The discussion followed some pointed testimony from Democratic Secretary of State Jim Condos, who supports a robust ethics commission. His three keywords: "Independence, authority and resources."

That means a commission able to conduct investigations, issue subpoenas and enforce decisions — with enough staff to carry out its work. For Condos, the Senate bill falls short on all three counts.

"As written, the ethics commission would be an educational tool with little authority," he asserted.

In the House, Rep. Heidi Scheuermann (R-Stowe) is preparing to introduce a tougher ethics bill, but she's tempering her expectations.

"I'm glad there's discussion happening on the Senate side," she says, but adds, "There doesn't seem to be a recognition by many that there is, in fact, a need for this."

Indeed, White and some colleagues insist that Vermont doesn't have an ethics problem, even though recent years have seen a sitting senator arrested on the Statehouse grounds, an attorney general subjected to a campaign-finance investigation, plenty of lawmaker-lobbyist trips through Montpelier's revolving door and numerous embezzlement cases in the public sector.

As Condos himself told the committee: If you don't think we have a problem, "just read the papers."

Irony Alert

If somehow, miracle of miracles, Scheuermann's bill became law, it could cause some heartburn for her party-mate, Gov. Scott. And wouldn't that be one for the books?

Last Friday, Scott gave a press conference to discuss his recent sale of a $2.5 million stake in the family business, DuBois Construction. The gov is personally financing the sale, giving the firm a 15-year loan at 3 percent interest. Which means that he will continue to have a direct financial interest in a firm that frequently bids for state contracts.

Scheuermann's bill would create a statutory ethics code for a variety of public officials. Some passages mirror an executive order first promulgated by former governor Jim Douglas and renewed by his successor, Peter Shumlin. That Executive Code of Ethics, which Scott intends to keep, prohibits any full-time administration official from being "financially interested, directly or indirectly, in any private entity or private interest that is subject to the supervision of his or her respective department or agency."

A plain reading suggests that Scott's continued dependence on the fortunes of DuBois Construction fails to meet the code's standards. But Scott, as an elected official, is not technically subject to the code.

Scheuermann's bill would create separate but parallel codes for state lawmakers and members of the executive branch. While her proposal would not subject Scott to the same standard as his staffers, it creates an unflattering context: Why can the big boss have a multimillion-dollar interest in a contractor seeking state business when a much lesser interest would be out of bounds for any member of his administration?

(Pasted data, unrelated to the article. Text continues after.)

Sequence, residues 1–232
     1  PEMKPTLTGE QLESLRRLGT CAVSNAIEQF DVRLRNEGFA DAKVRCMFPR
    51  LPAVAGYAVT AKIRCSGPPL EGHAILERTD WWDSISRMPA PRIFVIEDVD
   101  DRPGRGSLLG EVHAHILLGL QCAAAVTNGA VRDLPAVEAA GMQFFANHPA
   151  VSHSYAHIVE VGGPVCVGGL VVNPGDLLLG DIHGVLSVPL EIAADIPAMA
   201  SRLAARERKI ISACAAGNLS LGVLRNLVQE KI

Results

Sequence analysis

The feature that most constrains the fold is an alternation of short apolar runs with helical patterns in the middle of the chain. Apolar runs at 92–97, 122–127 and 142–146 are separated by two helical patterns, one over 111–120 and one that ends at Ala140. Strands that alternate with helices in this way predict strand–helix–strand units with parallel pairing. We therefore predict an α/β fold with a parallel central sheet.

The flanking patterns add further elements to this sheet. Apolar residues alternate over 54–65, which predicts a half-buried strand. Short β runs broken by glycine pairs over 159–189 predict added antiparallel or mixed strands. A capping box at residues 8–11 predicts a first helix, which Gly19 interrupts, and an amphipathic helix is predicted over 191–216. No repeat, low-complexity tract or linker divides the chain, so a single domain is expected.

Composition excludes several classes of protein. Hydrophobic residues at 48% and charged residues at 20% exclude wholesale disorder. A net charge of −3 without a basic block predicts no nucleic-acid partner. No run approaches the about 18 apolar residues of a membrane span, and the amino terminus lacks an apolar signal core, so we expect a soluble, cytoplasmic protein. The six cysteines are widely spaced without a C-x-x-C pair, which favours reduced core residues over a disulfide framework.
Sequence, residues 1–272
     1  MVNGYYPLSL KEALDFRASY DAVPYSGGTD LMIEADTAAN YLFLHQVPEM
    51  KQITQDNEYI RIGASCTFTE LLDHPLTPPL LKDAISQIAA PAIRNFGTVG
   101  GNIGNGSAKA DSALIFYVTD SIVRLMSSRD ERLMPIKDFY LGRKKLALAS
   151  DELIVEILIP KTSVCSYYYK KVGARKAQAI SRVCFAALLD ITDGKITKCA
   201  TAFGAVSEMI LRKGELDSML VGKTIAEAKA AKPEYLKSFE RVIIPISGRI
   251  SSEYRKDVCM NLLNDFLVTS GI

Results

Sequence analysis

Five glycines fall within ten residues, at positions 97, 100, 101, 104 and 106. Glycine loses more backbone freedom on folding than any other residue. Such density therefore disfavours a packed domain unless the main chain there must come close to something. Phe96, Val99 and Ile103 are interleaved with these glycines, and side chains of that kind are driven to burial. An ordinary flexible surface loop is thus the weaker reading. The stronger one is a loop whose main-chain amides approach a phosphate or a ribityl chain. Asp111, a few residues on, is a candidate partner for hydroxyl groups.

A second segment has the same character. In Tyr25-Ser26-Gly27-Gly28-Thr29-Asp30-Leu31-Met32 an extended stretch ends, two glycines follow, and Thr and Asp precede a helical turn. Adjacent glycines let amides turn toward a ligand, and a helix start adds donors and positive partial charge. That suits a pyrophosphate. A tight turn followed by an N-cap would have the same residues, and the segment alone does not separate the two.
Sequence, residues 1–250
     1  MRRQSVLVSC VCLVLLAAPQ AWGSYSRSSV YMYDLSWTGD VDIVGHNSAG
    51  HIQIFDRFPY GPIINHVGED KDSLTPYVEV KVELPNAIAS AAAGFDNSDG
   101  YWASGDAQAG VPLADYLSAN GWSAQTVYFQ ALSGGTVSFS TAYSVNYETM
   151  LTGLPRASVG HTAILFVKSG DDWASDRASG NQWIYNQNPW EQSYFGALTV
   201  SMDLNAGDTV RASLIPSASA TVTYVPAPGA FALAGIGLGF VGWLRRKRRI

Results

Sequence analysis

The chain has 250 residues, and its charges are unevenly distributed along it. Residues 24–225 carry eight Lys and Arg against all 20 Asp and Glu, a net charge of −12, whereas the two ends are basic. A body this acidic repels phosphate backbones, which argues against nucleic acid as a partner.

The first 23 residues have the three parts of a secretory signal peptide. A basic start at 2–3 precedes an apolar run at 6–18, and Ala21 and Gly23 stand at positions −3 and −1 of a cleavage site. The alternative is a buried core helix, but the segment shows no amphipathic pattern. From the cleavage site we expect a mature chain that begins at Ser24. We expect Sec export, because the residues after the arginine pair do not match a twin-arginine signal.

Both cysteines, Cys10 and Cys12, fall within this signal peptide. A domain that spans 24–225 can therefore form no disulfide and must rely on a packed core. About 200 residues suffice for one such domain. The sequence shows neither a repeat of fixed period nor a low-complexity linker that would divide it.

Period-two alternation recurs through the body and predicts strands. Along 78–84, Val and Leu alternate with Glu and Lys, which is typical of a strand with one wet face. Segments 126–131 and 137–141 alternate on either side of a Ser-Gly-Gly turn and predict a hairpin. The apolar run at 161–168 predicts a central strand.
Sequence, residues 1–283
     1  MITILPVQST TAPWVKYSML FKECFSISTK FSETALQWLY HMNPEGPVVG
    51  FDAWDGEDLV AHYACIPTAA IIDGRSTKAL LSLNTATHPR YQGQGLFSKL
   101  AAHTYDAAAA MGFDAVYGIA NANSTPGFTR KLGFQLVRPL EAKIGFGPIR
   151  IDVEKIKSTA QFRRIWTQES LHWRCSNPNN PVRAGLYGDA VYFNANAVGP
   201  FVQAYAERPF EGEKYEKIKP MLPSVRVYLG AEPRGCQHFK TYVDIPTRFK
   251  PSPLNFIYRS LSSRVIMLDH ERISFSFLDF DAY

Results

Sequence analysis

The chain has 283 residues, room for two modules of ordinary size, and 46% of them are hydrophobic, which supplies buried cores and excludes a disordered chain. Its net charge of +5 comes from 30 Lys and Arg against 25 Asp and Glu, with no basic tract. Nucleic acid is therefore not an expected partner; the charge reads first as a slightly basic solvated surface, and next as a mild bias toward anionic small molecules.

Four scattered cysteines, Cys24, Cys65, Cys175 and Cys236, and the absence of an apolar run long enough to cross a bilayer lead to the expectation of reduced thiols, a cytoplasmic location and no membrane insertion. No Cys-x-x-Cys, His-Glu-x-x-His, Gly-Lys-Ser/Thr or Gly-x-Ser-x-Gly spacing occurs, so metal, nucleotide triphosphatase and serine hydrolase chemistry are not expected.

"I've been in politics long enough to know that perception is reality," Scheuermann says. "We have trouble gaining the trust of the people."

The reality might be that Scott is too darned honest to seek an advantage for a firm heavily indebted to him, but what of the perception if DuBois Construction were to land some lucrative projects? Even if they were won purely on merit, eyebrows would raise.

The Stowe Republican acknowledges that Scott's situation "raises the issue, rightly." She adds, "I believe Phil Scott is doing this correctly, but it's raising the issue of appropriate conduct."

Still, you know, perception is reality.

Broken System

Condos has a simple message about Vermont's public election financing law, which grants qualifying gubernatorial candidates up to $600,000 to run their campaigns.

"It's not working," he says.

The secretary of state told the House Government Operations Committee last week that the law should be scrapped and replaced.

"You'll never get it right if you just tweak it," he told the panel.

What's so bad about the state's public financing option? The rules appear designed to discourage its use. Just ask Lt. Gov. David Zuckerman, who initially sought $200,000 in public funds for last year's LG campaign but opted out because the law's onerous requirements would have kept him off the campaign trail for months.

Oh, and one more thing. "There's no funding mechanism," Condos said, explaining that several rewrites of the law had put the onus on his office to come up with the cash.

Condos' call brings to mind Dean Corren, the last candidate to qualify for public financing. He ran for lieutenant governor in 2014 as a Progressive/Democrat, losing to then-incumbent Scott.

During the campaign, the Vermont Democratic Party sent out an email urging recipients to attend a rally featuring Corren. Then-attorney general Bill Sorrell decided that was an impermissible benefit to Corren and launched a prosecution worthy of Inspector Javert. Sorrell sought a ludicrous $72,000 in fines and restitution for an email that he himself assessed at a mere $255.

A new law wouldn't help Corren, who has reportedly paid almost $24,000 defending himself against Sorrell. However, Sorrell's successor just might.

Newly inaugurated AG T.J. Donovan acknowledges that the $72,000 penalty is completely out of whack — and that the prosecution "has been a deterrent to public financing."

Donovan says he's reviewing the case and hopes "to make a decision relatively quickly." Indeed, don't be surprised if he announces a settlement by the time you read this column. And it's likely to be much more to Corren's liking than to Sorrell's.


The original print version of this article was headlined "The Usual Suspects"